The Formation Of Corporate Governance In The 1980's

When corporations were first constructed, they were constructed with the goal of serving the investors rather than the management. Their primary objective was to “conduct business activities with a view toward enhancing corporate profit and shareholder gain.” A system of good faith was meant to govern them in which the only interests that were to be focused on were the interests of the corporation as a whole and on the shareholders. The system of governance that existed in corporations began with investors and proceeded through to a board of directors who were meant to be in charge of management. Yet, this dynamic did not hold true in many corporations of our time. It was intended that the highest authority of corporations be the board of …show more content…
During both decades, management of corporations was given the task of building up the corporation. Yet, the manners by which this happened were not entirely proper. In the 1980’s, the first crisis of corporate governance occurred when management began using shareholder returns to build-up the corporations through mergers and acquisitions. The corporations ultimately built up huge enterprises, but these enterprises were not feasible nor did they bring in sufficient returns. The expenses of having the huge enterprises outweighed the benefits, and the corporations suffered, both in share prices and shareholders’ attitudes to the corporation.. Not only did share prices decrease, but shareholders were angered by the decisions of management and pushed for board reforms to better oversee the actions of management. This was the first instance of an issue occurring in corporate …show more content…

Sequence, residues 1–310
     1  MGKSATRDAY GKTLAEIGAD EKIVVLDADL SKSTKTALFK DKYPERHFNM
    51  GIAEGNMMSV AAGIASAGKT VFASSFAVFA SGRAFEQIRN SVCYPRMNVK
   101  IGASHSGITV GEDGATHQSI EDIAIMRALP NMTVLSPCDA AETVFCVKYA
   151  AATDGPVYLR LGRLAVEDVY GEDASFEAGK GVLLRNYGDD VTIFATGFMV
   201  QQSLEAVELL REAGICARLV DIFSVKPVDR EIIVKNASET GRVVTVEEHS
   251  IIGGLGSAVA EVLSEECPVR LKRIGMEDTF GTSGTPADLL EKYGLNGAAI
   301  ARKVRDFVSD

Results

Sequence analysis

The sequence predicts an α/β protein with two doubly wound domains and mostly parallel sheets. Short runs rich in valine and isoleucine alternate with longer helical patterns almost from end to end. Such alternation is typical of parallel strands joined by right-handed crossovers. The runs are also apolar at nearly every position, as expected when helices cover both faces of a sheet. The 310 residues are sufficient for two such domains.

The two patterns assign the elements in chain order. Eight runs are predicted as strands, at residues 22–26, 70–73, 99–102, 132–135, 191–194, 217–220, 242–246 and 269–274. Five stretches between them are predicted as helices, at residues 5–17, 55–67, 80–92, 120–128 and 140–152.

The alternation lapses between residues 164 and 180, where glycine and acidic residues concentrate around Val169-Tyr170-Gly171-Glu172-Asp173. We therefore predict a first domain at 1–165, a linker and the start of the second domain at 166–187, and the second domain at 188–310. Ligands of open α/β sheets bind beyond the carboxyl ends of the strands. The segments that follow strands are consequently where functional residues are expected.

It is up to the board of directors to now help themselves. They must take charge of the preceding changes and allow the corporations to grow legally, with integrity and in good faith. It is necessary that boards of directors take a more active role in the activities and proceedings of their corporate managements to prevent fraudulent activities that could lead to the collapse and destruction of larger corporations in the future. MacAvoy and Millstein make one thing perfectly clear. The problem of corporate governance lies with the board, but the board CAN be fixed. If everyone is willing to make compromises and take the time to consider what a board of directors needs in order to optimally function, the issue of corporate governance flaws can be fixed. The only way to overcome the crisis of corporate governance and prevent this crisis from recurring is to allow the board to direct management and allow the shareholders to direct the board. Through these reforms and shifts in focus, these crises of corporate governance may truly be prevented and history may not repeat itself

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